Several late eighteenth-century aesthetic ideas, notably the sublime and conceptions of humor, have been extensively discussed with respect to Haydn, but beauty has garnered only passing mention. Yet the beautiful was a key aesthetic category in Haydn’s day, theorized by leading philosophers of the late eighteenth century such as Immanuel Kant and Edmund Burke. Moreover, Haydn himself considered beauty as fundamental to good composition, and as a goal of the best performance. This essay first considers the idea of beauty in Haydn’s day: How was it defined with regard to music? And how do theories about the beautiful relate to Haydn? It then argues that Haydn could invoke “beauty” as a musical topic or topos (as in “A Pastoral Song,” Hob. XVIIa:27), and even crafted a work that is in some important sense “about” the beautiful (“O Tuneful Voice,” Hob. XVIa:42). In these songs, as well as in larger scale works such as the symphonies and oratorios, especially The Creation, Hob.XXI:2, musical beauty, and its capacity to beget sympathy (or not) becomes an important part of Haydn’s musical argument.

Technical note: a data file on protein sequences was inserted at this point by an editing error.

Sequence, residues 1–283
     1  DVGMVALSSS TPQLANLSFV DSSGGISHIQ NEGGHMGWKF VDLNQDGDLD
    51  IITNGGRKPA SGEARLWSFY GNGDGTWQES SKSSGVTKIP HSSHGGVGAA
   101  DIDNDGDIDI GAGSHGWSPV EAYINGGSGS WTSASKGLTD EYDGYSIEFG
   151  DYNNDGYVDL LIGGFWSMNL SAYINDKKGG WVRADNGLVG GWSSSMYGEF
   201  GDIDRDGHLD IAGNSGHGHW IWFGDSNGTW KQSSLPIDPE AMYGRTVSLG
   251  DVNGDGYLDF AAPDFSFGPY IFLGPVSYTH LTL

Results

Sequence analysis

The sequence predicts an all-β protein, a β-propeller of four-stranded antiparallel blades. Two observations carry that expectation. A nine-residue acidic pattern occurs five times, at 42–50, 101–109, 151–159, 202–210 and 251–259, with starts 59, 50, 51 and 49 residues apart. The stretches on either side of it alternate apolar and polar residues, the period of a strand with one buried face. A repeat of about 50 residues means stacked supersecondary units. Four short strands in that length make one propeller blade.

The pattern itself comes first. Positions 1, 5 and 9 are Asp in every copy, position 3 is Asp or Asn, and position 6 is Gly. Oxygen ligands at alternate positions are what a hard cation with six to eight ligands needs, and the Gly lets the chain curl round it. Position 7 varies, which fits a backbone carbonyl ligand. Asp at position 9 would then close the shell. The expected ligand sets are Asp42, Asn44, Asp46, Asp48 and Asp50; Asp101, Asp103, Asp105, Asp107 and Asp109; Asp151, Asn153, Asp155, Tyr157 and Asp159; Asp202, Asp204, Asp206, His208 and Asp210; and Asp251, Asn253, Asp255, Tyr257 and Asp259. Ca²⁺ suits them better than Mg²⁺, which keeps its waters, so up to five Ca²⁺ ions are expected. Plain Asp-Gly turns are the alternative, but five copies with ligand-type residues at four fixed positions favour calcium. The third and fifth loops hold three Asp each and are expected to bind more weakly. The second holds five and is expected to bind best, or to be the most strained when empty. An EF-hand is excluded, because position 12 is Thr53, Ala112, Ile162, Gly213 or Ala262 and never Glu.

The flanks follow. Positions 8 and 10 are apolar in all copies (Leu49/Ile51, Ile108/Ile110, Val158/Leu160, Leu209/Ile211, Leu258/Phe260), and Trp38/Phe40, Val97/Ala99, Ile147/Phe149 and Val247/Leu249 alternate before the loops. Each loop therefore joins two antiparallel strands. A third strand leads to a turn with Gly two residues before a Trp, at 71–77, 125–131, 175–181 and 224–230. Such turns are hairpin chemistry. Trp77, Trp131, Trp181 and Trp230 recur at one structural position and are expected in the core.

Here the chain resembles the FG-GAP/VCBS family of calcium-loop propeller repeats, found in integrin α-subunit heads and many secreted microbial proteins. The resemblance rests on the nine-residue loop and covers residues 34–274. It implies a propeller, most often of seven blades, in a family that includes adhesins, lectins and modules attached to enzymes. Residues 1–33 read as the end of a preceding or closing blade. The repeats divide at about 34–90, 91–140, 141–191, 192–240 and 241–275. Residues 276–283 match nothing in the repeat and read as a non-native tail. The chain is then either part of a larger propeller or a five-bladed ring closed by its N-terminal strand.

HAYDN: Online Journal of the Haydn Society of North America: Vol. 5
, Article 4.
Available at: https://remix.berklee.edu/haydn-journal/vol5/iss2/4
© Haydn Society of North America ; Boston: Berklee Library, 2015. Duplication without the express permission of the author and/or the Haydn Society of North America is prohibited.